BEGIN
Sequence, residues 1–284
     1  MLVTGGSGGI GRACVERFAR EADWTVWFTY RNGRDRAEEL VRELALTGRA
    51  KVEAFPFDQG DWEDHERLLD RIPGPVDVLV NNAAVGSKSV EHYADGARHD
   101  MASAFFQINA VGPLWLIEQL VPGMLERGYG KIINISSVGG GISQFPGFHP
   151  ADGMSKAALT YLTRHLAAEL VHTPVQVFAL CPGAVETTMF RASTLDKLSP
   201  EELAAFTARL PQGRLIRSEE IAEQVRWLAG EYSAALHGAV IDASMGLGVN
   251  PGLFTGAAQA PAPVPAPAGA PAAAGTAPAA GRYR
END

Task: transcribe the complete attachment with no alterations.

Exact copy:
Sequence, residues 1–284
     1  MLVTGGSGGI GRACVERFAR EADWTVWFTY RNGRDRAEEL VRELALTGRA
    51  KVEAFPFDQG DWEDHERLLD RIPGPVDVLV NNAAVGSKSV EHYADGARHD
   101  MASAFFQINA VGPLWLIEQL VPGMLERGYG KIINISSVGG GISQFPGFHP
   151  ADGMSKAALT YLTRHLAAEL VHTPVQVFAL CPGAVETTMF RASTLDKLSP
   201  EELAAFTARL PQGRLIRSEE IAEQVRWLAG EYSAALHGAV IDASMGLGVN
   251  PGLFTGAAQA PAPVPAPAGA PAAAGTAPAA GRYR